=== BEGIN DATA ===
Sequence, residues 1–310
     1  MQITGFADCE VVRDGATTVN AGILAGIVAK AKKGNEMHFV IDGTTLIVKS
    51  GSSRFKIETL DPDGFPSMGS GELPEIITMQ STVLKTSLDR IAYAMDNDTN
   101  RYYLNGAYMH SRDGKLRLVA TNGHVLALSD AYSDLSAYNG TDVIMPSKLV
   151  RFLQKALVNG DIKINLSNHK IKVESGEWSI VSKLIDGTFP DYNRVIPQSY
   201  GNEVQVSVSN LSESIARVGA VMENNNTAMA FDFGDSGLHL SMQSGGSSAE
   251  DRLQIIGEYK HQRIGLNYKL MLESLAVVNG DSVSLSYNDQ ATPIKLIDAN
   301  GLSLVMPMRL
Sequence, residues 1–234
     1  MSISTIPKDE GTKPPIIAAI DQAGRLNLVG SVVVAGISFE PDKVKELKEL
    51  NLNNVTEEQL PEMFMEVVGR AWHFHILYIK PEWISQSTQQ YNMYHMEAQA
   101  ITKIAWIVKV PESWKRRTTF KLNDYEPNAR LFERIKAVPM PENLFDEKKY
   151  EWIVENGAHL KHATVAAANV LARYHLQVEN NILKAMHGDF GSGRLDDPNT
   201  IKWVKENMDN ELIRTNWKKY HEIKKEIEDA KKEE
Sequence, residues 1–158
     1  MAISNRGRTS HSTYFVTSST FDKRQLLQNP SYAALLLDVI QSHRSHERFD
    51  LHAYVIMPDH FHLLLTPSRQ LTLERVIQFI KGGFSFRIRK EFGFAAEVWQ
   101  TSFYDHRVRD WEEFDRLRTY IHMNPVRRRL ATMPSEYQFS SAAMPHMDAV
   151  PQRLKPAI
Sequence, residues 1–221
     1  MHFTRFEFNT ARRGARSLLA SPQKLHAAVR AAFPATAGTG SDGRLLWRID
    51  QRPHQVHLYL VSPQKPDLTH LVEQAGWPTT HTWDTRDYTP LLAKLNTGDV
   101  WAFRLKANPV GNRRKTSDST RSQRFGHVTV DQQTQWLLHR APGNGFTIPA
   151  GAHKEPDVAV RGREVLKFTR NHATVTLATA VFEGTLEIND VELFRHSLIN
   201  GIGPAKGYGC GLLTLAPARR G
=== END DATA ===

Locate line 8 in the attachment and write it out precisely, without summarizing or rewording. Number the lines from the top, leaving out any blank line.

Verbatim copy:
   301  GLSLVMPMRL